Friday, Nov. 17, will mark the 50th anniversary of the walkout of thousands of African American students in Philadelphia who wanted schools to include African American history and culture in their curricula. On Thursday and Friday, City Councilwoman Helen Gym will host a series of events celebrating that pivotal moment in the city’s history.
“Youth have been and continue to be a driving force in the movement for racial justice and educational equity in Philadelphia,” said Gym in an emailed statement. “We are excited to celebrate the legacy of the 1967 Black student walkout by heralding our elders and supporting our current youth activists. During dark times, youth leaders break open possibilities and provide energy and hope — this event is about honoring their leadership past and present.”
On Thursday morning, City Council will kick off the festivities at 10 a.m. by honoring the 50-year legacy of the activists. On Friday, a panel discussion at the African American Museum in Philadelphia will feature Gym; Matthew Countryman, author of Up South: Civil Rights and Black Power in Philadelphia, which includes a comprehensive account of the day; and local community activists. The keynote address and panel, which are free, will run from 6 to 8 p.m. A reception that follows from 8 to 11 p.m. will cost $10.
The commemoration will come to a close on Saturday with a teach-in hosted by Ismael Jimenez, an African American Studies teacher at Kensington Creative & Performing Arts High School. Jimenez, who is a coordinator of the Caucus of Working Educators, said the teach-in would be a discussion between student activists who participated in the 1967 walkout and activist students of today about the historic protest and how it relates to the present day. This will take place between 1 and 4 p.m. at Martin Luther King High School.
Dana King, who, as African American Curriculum Specialist for the District, helped create the curriculum for African American Studies in Philadelphia schools, will also be an invited guest.
“We’re talking about how students, along with educators in the city, worked together to bring attention to the fact that they were being mis-educated,” Jimenez said.
He said the students then were pleading for “courses that speak to their own concepts, so they can actually figure out the situation and circumstances they found themselves in 50 years ago, which a lot of those situations and circumstances still exist today.”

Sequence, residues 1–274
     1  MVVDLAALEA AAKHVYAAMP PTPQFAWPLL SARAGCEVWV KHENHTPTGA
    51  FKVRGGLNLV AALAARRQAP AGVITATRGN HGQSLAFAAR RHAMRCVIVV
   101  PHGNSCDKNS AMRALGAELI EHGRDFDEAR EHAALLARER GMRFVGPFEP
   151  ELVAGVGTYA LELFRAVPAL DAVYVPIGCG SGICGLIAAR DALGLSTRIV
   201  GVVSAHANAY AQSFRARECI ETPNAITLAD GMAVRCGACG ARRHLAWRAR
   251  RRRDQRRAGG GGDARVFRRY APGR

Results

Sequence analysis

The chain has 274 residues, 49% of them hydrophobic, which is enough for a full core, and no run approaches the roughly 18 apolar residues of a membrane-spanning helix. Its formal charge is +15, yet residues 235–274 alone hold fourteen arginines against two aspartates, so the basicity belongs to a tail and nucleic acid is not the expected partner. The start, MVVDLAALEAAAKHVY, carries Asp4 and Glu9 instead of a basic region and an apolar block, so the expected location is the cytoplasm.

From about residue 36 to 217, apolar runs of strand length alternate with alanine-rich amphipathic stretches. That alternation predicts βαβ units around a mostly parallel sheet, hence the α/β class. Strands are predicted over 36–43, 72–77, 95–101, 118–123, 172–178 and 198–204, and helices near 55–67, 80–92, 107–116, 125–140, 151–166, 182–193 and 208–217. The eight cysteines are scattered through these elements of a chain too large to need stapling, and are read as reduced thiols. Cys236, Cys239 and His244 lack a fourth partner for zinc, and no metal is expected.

The 1967 protest is a flashpoint in Philadelphia history, a pivotal moment in the city’s fraught record on race relations.
On Nov. 17, 3,500 students, mostly African American, left their schools and walked to Board of Education headquarters at 21st Street and Benjamin Franklin Parkway. The walkout was peaceful, and hundreds of students milled around the building and its courtyard while a small delegation met inside with Superintendent Mark Shedd to press their demands.
They wanted more African American history courses and faculty members and more representation on the Board of Education.
But the fear of violence grew – apparently, a few students stood on cars – and the police were called.
Stories about what transpired after that are conflicting. The police said the protest was violent, while the Board of Ed and the students maintained that it was mostly peaceful. Nevertheless, two busloads of police officers showed up, under then-Police Commissioner Frank Rizzo, and things turned bloody. Former School District spokesman William Jones frequently recounted his horror at looking out the superintendent’s office window and seeing cowering students being beaten by police with nightsticks.
According to witnesses, Rizzo incited violence by his officers and commanded them to “get their black asses!”
Twenty-two people were seriously injured and 57 people were arrested.
After the chaotic events, Shedd and District administrators were empathetic to the students’ demands and met with them and community members to negotiate. But before any significant curriculum could be created or District policy changes could be made, fierce political opposition developed and the momentum started by the walkout was slowed.
Numerous grassroots and community organizations and learning centers were created, but Districtwide change didn’t occur until 2005, when Philadelphia became the first big city in the United States to make African American History a required course for graduation.
With the expected dissolution of the School Reform Commission, a move to return Philadelphia schools to local control, and the recent announcement that the statue of Rizzo will be moved from its spot in front of the Municipal Services Building, the anniversary is timely.
Jimenez said these important events are indicators that the city is leaning toward a new identity, but whether true progress will be made remains unclear. Dialogues like those of the 1967 protest and the celebration honoring it are a good start to make sure Philadelphia is moving in the right direction, he said.
“When we have these intergenerational conversations, that’s where those ideas, that’s where those relationships, that’s where those goals get identified and eventually, hopefully, implemented and accomplished.”